Monday, August 23, 2010

New Zealand: Challenge is On!

NZEquestrian.org.nz

13/08/2010 4:06:22 p.m.

Three women will fly the flag for New Zealand at the 2010 World Equestrian Games in Kentucky next month.

Alison Higgins (Nelson) on Twynham El Omar, Debby Worsfold (Rangiora) on Northwinds Bradley McGregor (owned by Chris King) and Jenny Chandler (Te Awamutu) on Lace and Fineness will compete in the 160-kilometre endurance ride against the best in the world.

Higgins is the highest world ranked member of the team, coming in at number 10 – her best ranking was three earlier this year. She'll compete on her horse Twynham El Omar, who was one of a trio of horses she competed successfully on in New Zealand this past season.

The 41-year-old current South Island champ has only been involved in endurance since 2002, but has moved quickly through the ranks.

Twenty-four year old Worsfold has previously ridden in South Africa for New Zealand and has won the South Island Championships and finished second at National Championships.

Rounding out the team is 44-year-old Chandler, who while relatively new to the sport, has placed well in national competitions.

High performance leader Madonna Harris says the terrain in Kentucky will suit the Kiwi horses perfectly, but much hinges on solid riding skills and a strong team performance. However, with just three in the team, there is no luxury of a drop off score.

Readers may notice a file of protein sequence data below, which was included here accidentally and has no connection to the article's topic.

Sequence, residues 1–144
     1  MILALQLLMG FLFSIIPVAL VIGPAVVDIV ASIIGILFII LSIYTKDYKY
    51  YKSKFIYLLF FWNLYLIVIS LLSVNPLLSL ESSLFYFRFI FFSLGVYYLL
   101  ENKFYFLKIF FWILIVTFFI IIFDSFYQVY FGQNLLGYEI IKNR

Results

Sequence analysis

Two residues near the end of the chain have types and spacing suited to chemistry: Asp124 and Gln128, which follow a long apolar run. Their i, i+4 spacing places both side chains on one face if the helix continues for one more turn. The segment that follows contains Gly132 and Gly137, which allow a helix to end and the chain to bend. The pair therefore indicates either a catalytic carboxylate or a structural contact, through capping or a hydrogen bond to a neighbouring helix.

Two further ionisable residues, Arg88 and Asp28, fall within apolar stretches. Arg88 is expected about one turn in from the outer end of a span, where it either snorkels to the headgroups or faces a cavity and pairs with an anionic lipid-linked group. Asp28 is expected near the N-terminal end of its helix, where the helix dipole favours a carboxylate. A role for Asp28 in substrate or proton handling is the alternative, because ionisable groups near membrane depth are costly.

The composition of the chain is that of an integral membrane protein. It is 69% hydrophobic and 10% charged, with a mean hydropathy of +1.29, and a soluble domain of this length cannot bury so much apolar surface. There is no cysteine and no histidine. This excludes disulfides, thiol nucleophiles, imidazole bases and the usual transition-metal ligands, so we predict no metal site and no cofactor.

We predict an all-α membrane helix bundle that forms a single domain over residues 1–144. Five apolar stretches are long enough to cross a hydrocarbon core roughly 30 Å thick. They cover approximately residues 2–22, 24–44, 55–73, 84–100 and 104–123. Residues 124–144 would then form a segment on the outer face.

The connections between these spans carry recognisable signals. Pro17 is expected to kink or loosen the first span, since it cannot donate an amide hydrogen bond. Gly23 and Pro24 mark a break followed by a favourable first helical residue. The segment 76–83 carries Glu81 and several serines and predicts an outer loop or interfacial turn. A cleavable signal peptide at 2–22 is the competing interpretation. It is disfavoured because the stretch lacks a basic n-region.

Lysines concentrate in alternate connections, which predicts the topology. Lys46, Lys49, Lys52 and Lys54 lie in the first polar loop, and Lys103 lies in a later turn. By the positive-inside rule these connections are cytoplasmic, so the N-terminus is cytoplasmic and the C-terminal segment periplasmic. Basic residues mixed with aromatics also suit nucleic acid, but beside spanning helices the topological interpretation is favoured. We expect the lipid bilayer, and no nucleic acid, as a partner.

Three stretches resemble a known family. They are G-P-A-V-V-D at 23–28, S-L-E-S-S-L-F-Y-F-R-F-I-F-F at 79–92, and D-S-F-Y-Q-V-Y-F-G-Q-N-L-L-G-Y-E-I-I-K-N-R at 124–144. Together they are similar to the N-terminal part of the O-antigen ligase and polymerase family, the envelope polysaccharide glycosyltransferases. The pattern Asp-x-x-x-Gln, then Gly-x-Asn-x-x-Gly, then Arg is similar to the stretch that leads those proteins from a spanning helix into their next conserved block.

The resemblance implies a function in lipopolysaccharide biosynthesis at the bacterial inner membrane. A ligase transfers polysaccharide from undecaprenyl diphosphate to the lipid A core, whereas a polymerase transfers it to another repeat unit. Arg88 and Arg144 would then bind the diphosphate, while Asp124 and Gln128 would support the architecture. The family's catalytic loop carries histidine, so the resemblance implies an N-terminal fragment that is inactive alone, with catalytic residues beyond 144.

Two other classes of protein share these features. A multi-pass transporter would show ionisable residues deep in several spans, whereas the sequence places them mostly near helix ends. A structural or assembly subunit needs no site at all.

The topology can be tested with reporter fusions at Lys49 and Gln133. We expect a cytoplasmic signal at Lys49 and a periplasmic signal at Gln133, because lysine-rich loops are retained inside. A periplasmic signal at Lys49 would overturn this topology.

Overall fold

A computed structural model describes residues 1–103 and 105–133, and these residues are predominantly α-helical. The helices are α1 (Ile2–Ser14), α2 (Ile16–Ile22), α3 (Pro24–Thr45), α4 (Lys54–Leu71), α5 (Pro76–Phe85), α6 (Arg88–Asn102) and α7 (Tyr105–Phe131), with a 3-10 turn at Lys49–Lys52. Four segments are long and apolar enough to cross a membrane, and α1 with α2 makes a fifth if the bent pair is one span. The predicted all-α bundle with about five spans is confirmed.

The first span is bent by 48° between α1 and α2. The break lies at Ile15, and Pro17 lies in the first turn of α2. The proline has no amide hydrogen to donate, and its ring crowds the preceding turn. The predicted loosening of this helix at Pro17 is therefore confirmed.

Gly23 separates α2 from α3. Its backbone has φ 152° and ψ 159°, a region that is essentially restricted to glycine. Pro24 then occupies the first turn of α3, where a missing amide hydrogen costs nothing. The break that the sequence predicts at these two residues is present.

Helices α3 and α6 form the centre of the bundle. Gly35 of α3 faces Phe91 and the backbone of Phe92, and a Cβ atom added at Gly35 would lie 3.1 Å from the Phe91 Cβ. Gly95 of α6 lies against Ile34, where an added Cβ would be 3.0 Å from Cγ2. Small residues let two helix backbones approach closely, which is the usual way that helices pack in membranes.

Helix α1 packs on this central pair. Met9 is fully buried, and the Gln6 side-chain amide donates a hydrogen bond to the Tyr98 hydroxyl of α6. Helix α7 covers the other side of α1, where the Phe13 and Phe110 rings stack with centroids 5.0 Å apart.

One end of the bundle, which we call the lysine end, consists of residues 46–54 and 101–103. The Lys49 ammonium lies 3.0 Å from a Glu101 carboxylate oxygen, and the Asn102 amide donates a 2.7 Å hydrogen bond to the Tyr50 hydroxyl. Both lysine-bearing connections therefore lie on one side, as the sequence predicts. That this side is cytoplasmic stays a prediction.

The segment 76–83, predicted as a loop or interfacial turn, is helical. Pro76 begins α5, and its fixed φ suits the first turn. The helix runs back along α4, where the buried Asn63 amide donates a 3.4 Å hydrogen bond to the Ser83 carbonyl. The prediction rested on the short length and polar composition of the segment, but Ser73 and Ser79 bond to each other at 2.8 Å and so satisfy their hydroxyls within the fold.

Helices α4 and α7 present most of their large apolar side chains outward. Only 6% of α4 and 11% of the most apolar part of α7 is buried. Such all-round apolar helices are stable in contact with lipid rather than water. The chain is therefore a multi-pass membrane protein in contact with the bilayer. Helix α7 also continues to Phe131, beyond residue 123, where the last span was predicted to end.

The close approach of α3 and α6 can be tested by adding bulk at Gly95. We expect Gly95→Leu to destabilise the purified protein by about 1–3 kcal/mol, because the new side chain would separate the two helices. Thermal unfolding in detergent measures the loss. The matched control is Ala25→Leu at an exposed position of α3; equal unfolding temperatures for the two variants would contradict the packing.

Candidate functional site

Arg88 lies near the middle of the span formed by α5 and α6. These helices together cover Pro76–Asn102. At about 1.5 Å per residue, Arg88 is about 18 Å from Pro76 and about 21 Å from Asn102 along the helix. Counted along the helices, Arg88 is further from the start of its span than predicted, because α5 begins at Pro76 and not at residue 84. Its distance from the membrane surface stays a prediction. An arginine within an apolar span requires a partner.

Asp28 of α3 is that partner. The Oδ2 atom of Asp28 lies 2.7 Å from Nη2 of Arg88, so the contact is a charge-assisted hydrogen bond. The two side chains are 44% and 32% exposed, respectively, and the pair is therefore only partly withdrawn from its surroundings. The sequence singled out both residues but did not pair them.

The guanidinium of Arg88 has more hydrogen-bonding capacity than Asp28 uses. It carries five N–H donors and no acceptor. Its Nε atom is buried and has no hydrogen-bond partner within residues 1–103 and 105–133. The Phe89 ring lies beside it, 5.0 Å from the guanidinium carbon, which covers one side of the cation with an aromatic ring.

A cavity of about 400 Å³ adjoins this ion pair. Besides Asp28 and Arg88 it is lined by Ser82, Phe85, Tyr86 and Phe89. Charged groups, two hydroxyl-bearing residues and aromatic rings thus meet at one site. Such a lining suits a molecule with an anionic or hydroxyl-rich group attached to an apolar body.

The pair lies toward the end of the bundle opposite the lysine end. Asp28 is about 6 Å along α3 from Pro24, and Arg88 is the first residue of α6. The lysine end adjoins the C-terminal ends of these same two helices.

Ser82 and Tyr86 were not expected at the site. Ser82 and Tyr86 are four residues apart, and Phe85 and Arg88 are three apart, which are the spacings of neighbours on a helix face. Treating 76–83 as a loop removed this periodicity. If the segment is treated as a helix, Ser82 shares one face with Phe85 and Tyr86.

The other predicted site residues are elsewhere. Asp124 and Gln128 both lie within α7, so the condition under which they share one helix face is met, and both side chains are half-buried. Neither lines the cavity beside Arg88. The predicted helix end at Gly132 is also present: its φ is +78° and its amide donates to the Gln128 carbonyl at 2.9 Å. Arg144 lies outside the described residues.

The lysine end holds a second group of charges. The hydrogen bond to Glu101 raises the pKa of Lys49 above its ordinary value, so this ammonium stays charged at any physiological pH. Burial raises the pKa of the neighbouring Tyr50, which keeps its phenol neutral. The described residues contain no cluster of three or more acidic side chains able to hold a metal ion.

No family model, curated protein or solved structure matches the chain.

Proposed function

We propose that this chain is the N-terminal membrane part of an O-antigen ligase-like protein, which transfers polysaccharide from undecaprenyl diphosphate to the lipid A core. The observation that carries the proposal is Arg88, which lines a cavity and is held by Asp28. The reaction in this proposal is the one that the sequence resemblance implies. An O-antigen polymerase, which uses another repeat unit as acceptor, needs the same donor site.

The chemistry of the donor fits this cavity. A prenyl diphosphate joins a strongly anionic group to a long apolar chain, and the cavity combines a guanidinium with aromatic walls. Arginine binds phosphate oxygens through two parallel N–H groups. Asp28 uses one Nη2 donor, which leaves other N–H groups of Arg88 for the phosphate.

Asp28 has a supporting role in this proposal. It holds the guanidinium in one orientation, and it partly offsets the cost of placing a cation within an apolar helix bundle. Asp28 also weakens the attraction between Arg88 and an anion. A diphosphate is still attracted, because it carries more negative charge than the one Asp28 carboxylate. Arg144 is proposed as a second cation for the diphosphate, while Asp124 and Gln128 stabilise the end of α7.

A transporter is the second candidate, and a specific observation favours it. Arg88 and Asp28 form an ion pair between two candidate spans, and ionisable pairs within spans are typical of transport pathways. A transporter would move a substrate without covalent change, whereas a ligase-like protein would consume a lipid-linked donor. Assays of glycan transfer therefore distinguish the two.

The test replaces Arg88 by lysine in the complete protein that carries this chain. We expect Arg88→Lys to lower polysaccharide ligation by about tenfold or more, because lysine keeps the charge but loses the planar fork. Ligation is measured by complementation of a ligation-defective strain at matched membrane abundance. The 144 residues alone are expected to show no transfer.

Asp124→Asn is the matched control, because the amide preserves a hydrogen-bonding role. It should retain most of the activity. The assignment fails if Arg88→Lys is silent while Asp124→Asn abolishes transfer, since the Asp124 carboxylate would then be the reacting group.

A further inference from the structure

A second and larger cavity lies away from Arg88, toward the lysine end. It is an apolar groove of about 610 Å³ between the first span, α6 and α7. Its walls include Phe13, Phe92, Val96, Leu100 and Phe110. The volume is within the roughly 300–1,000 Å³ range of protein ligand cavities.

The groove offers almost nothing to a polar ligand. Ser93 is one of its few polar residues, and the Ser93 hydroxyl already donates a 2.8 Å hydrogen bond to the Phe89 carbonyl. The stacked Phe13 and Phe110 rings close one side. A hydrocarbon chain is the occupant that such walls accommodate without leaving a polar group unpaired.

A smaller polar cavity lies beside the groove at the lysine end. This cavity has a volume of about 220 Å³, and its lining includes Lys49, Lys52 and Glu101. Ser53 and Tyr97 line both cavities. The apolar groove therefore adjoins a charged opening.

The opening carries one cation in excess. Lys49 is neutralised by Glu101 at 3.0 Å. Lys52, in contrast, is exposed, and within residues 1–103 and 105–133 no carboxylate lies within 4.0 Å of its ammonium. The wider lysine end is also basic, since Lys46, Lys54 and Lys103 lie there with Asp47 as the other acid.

“Our riders know what speed they need to ride at to maintain that world class level,” says Harris, who has represented New Zealand in a raft of sports including cross country skiing, cycling, athletics, endurance riding and basketball.

“We have a great opportunity to do well there.”

The team gets on the road later this week before flying to Los Angeles on August 29th.

Endurance is one of eight equestrian disciplines taking part in the games – the others being showjumping, reining, dressage, eventing, para dressage, vaulting and driving.

The endurance team was the first of the New Zealand teams to be announced. Initially a five-strong team was named but two of those announced later withdrew.



The World Equestrian Games are held every four years. The first one was held in Stockholm in 1990, and this year's event in Kentucky, in the United States is expected to attract riders from more than 50 nations.

The estimated economic impact the 16-day event is expected to have on Kentucky is around $US 150 million. Organisers say they will sell 600,000 tickets. The games run from September 25 through to October 10 and are held at the Kentucky Horse Park in Lexington.